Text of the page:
Wednesday, June 1, 2016

that ain't no burka neither

Below is our OT reading for Sunday, the whole thing, a story, not to say tale, about Elijah. In my innocent ignorance I have called his line, “Bring me a drink of water, Baby” the mating call of the prophet-bird. But I’m cleared, ratified, later in the story when the widow says to Elijah, “You have come to remind me of my sin,” which he had been sleeping at her house and we are not naive. She thinks her son being sick means that she is being punished for her sin. The story’s point may be that the prophet, praying God, saved the widow and child from starvation, then later more powerfully restored the child to life; and Christians are to take this as a precursor to Jesus’ even more powerful dunamis (Luke 7:11-17 gospel for Sunday) that greater than Elijah is here. Luke presents Jesus as the ultimate prophet, and the remarkable similarity of the stories is meant not to be missed; perhaps including that with Elijah the boy’s body is still warm, but with Luke the widow's son is stone cold dead. Not to mention that in Luke the prophet comes upon a scene, compassionately saves, and there is no innuendo. Ah, and something about gentiles. I think I’ve said enough, no point in wading deeper into this bog. And yet Bernardo Strozzi (17th C.) does have the widow somewhat voluptuous.

1 Kings 17:8-16 (17-24)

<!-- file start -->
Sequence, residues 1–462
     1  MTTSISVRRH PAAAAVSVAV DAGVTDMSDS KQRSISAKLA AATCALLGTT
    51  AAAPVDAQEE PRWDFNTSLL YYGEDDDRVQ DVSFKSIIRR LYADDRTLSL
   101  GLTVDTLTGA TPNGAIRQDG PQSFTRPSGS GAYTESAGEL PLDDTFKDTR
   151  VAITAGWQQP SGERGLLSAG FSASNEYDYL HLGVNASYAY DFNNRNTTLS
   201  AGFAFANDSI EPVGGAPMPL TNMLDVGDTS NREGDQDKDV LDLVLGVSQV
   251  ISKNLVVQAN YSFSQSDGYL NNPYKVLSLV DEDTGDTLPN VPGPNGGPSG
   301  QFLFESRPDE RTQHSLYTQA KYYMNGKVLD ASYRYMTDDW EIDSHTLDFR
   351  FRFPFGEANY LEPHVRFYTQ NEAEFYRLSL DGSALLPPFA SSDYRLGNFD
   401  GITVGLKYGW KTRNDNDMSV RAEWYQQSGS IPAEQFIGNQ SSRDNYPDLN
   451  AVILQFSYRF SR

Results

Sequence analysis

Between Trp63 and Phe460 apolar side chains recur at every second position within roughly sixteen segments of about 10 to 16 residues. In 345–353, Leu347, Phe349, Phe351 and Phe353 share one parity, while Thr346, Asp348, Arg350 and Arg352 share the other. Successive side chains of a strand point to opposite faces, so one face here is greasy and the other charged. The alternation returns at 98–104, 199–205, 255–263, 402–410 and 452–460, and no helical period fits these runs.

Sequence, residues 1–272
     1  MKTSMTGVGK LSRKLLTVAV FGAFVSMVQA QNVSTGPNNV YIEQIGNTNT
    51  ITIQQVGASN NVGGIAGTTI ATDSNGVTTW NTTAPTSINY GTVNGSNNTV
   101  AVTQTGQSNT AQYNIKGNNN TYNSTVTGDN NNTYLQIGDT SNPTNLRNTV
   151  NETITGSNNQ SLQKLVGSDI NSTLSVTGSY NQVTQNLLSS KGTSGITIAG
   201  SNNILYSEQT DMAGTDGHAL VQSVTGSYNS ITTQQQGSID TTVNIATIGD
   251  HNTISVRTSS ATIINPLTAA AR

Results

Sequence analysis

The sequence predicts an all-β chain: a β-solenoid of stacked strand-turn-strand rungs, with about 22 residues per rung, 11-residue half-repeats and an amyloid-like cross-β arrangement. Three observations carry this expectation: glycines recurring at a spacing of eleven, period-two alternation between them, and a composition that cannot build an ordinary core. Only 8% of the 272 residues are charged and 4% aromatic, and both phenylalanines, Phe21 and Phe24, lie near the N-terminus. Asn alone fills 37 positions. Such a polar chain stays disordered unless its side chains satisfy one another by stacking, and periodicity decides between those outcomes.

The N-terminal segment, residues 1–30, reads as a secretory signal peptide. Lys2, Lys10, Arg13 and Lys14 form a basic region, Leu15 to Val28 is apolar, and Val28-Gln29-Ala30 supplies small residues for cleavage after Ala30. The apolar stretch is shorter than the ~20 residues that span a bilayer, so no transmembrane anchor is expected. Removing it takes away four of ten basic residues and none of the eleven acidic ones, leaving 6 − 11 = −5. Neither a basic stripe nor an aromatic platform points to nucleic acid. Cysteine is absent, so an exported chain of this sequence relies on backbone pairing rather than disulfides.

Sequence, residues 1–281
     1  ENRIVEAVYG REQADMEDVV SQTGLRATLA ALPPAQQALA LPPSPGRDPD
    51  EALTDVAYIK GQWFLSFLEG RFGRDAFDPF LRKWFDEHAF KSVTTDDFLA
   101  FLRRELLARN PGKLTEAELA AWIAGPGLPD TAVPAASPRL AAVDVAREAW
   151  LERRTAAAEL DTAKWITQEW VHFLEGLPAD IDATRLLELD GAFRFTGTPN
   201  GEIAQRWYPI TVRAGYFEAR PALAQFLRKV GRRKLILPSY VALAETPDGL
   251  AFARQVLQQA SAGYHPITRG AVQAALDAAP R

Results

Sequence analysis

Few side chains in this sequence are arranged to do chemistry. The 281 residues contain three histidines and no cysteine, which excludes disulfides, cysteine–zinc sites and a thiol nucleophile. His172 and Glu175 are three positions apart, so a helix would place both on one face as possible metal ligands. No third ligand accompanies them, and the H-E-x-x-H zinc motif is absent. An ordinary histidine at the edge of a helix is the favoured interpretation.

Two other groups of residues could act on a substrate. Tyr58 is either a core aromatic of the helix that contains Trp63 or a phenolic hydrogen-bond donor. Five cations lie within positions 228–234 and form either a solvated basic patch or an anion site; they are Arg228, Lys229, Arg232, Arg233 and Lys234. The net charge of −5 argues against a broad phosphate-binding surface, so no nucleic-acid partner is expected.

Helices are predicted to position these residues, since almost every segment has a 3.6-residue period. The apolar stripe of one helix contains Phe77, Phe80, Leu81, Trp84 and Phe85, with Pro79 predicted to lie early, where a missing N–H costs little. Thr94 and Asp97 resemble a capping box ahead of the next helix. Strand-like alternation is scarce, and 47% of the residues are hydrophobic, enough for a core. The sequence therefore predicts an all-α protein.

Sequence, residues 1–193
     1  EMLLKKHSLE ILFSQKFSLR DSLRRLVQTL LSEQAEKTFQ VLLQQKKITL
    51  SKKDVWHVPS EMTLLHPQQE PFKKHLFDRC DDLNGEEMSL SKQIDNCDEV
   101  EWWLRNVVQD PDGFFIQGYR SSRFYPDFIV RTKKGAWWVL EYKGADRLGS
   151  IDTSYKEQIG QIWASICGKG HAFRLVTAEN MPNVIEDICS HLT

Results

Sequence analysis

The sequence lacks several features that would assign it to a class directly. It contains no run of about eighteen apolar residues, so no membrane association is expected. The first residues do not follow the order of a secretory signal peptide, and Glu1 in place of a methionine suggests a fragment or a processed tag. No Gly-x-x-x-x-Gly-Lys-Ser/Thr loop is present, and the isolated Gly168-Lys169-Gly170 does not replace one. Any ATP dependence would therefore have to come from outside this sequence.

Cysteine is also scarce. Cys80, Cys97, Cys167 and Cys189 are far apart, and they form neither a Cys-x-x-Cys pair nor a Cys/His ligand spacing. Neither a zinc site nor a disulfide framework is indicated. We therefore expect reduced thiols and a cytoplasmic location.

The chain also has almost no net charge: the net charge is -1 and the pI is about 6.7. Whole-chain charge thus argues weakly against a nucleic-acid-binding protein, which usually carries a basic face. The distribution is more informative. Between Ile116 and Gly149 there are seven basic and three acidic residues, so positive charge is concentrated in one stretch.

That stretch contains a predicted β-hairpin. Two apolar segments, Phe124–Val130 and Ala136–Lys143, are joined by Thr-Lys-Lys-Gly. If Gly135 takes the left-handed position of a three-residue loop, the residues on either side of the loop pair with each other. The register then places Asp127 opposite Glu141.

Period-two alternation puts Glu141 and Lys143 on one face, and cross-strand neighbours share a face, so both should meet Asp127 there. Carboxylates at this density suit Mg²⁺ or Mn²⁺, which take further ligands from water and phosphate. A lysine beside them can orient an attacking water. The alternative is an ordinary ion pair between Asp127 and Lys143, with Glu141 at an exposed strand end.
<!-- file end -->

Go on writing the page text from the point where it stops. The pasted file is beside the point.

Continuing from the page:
The word of the Lord came to Elijah, saying, "Go now to Zarephath, which belongs to Sidon, and live there; for I have commanded a widow there to feed you." So he set out and went to Zarephath. When he came to the gate of the town, a widow was there gathering sticks; he called to her and said, "Bring me a little water in a vessel, so that I may drink." As she was going to bring it, he called to her and said, "Bring me a morsel of bread in your hand." But she said, "As the Lord your God lives, I have nothing baked, only a handful of meal in a jar, and a little oil in a jug; I am now gathering a couple of sticks, so that I may go home and prepare it for myself and my son, that we may eat it, and die." Elijah said to her, "Do not be afraid; go and do as you have said; but first make me a little cake of it and bring it to me, and afterwards make something for yourself and your son. For thus says the Lord the God of Israel: The jar of meal will not be emptied and the jug of oil will not fail until the day that the Lord sends rain on the earth." She went and did as Elijah said, so that she as well as he and her household ate for many days. The jar of meal was not emptied, neither did the jug of oil fail, according to the word of the Lord that he spoke by Elijah.

[After this, the son of the woman, the mistress of the house at Zarephath, became ill; his illness was so severe that there was no breath left in him. She then said to Elijah, "What have you against me, O man of God? You have come to me to bring my sin to remembrance, and to cause the death of my son!" But he said to her, "Give me your son." He took him from her bosom, carried him up into the upper chamber where he was lodging, and laid him on his own bed. He cried out to the Lord, "O Lord my God, have you brought calamity even upon the widow with whom I am staying, by killing her son?" Then he stretched himself upon the child three times, and cried out to the Lord, "O Lord my God, let this child's life come into him again." The Lord listened to the voice of Elijah; the life of the child came into him again, and he revived. Elijah took the child, brought him down from the upper chamber into the house, and gave him to his mother; then Elijah said, "See, your son is alive." So the woman said to Elijah, "Now I know that you are a man of God, and that the word of the Lord in your mouth is truth."]

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